Chlamydia is a common sexually transmitted disease (STD) caused by the bacterium, Chlamydia trachomatis, which can damage a woman's reproductive organs. Even though symptoms of chlamydia are usually mild or absent, serious complications that cause irreversible damage, including infertility, can occur "silently" before a woman ever recognizes a problem. Chlamydia also can cause discharge from the penis of an infected man.
For more information on chlamydia, including signs, symptoms, complications, diagnosis, treatment, and prevention, visit the Sexually Transmitted Diseases page
at the CDC.
Chlamydia is the most proliferous of the reportable sexually transmitted diseases (STDs) in West Virginia with 4,128 infections (222.8 population rate per 100,000) in 2017, showing a decrease of 12.4% from 4,718 cases (254.6 population rate per 100,000) in 2016. Chlamydia is seen most often among the 15 to 29 year-old age group which accounts for 70.1% (N=2,895) of all reported cases. The greatest disparity is seen among the African American race at 1,116.8 (N=705) by population rate per 100,000, followed by Native Hawaiian/Pacific Islanders with a population rate of 467.3 (N=2), while Caucasians make up the greatest percentage of cases at 64% (N=2,653). Chlamydia is curable using 1 dose of azithromycin (1 gram), but reinfection can occur if the sexual partner is not treated. The consequences of untreated chlamydia are greater with women and can cause pelvic inflammatory disease leading to infertility.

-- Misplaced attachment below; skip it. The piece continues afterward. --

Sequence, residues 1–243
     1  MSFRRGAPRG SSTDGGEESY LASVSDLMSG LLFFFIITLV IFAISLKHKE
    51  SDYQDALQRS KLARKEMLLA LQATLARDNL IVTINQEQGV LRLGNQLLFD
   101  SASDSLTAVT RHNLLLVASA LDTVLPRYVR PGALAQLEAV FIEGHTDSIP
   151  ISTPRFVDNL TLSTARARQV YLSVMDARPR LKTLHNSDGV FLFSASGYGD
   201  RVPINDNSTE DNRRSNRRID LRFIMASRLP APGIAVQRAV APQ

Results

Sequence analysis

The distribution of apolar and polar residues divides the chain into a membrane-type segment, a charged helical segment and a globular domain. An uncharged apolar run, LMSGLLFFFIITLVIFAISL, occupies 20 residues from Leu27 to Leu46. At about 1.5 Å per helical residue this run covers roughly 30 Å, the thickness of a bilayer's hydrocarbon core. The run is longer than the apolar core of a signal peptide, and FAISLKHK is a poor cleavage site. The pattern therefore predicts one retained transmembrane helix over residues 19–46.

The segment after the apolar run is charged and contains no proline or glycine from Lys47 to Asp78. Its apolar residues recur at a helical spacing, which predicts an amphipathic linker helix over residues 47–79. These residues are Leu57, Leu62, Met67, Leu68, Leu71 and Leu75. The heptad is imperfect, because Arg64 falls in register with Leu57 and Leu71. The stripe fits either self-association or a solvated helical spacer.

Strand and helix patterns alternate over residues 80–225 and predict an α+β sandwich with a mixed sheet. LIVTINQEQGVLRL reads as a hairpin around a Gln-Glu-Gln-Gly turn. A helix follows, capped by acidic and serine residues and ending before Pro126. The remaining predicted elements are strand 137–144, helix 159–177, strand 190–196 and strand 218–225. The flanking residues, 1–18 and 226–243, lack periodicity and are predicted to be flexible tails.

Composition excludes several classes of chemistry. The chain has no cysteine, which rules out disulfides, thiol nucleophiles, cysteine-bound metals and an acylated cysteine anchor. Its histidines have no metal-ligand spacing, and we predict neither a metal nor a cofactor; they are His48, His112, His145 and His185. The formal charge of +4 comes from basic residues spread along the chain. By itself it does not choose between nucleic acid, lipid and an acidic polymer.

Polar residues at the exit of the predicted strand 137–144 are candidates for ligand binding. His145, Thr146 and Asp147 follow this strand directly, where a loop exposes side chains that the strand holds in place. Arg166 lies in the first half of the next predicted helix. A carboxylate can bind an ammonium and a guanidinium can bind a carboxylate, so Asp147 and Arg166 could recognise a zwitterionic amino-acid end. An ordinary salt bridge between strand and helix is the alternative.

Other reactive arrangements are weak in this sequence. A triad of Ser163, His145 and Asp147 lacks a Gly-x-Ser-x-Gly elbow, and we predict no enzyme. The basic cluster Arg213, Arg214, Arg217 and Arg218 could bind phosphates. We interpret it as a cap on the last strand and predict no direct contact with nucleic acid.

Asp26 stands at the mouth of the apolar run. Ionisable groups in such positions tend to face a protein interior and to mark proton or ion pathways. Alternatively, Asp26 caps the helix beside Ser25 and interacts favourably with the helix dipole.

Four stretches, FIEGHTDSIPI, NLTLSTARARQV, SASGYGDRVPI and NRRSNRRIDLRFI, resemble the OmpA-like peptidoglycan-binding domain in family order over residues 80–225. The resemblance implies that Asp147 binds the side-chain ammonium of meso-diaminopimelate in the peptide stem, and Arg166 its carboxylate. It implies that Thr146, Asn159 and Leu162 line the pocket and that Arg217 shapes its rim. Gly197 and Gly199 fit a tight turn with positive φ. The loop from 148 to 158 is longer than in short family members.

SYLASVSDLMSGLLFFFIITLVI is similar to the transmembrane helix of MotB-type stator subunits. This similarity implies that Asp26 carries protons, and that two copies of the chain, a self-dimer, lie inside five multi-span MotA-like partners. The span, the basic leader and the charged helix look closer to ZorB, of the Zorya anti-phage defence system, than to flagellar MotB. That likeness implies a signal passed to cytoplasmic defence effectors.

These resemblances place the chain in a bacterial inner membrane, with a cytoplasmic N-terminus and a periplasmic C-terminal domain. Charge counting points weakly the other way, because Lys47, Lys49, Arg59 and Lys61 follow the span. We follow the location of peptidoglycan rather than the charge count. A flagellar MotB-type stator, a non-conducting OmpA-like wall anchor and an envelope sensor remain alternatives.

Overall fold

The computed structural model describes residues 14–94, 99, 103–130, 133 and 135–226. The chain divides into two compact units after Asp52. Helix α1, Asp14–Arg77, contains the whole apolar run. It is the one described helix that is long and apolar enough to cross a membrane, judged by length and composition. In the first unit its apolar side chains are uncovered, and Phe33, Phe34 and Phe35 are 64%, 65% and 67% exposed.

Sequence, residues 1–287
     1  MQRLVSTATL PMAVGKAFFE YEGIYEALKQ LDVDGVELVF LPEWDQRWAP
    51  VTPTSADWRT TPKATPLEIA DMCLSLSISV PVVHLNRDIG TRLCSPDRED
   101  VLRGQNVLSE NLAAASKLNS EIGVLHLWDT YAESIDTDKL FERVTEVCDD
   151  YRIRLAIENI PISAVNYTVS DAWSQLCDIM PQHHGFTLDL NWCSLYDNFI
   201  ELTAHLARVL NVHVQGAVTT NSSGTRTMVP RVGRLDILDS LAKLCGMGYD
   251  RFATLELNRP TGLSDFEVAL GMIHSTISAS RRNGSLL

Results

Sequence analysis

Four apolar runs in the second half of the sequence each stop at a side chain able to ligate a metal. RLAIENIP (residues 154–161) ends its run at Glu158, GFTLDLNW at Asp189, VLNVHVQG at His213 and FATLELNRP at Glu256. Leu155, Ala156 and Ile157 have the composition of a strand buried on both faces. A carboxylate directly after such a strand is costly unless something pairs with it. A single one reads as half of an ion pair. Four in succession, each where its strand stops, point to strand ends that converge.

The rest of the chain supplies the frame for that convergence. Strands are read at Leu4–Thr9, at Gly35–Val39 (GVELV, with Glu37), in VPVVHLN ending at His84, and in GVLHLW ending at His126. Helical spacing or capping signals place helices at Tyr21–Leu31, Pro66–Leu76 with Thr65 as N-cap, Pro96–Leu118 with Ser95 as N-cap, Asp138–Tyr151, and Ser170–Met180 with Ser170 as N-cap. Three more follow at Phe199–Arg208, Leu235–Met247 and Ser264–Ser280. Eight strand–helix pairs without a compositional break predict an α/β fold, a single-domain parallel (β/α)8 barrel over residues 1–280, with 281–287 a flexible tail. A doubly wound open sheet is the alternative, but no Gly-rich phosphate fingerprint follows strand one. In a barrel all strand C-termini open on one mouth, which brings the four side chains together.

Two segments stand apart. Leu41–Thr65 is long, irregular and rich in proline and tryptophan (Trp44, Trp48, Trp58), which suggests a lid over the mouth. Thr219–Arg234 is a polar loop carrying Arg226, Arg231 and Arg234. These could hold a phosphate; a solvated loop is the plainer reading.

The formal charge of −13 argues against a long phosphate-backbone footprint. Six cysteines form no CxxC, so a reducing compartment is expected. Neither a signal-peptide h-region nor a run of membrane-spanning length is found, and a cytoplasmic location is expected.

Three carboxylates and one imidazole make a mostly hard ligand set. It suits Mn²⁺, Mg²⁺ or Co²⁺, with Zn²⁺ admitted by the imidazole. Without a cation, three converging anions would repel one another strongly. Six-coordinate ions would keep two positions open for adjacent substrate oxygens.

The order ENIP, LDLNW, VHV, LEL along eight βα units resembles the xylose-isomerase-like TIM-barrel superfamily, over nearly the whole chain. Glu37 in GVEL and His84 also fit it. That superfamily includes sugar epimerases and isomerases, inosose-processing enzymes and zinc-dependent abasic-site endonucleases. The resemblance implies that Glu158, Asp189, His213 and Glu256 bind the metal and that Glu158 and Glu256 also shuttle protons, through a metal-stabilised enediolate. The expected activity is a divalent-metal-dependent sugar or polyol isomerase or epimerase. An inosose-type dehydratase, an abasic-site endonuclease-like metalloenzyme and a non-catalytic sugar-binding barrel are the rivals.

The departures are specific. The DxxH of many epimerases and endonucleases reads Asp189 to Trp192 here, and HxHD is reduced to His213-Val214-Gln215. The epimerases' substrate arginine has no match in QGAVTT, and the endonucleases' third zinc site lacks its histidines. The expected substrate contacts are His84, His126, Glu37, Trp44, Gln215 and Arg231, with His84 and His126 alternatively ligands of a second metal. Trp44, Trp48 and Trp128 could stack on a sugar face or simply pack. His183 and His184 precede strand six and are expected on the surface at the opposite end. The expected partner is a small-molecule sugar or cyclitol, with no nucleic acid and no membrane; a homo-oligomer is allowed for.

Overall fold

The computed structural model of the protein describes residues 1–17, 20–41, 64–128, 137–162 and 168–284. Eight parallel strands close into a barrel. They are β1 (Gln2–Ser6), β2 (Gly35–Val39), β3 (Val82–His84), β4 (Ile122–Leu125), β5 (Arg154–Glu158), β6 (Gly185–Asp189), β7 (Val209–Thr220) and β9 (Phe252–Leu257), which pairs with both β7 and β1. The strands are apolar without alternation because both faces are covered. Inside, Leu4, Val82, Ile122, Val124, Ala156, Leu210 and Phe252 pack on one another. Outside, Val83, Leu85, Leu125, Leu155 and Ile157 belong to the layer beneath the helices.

For more information, call the West Virginia HIV/AIDS & STD Hotline:
Trained professionals are available to speak with you weekdays (except holidays) from 8:00 am to 4:00 pm. We can answer your questions about HIV/AIDS and other STDs in West Virginia, how to protect yourself, how to be tested, and how to get treatment.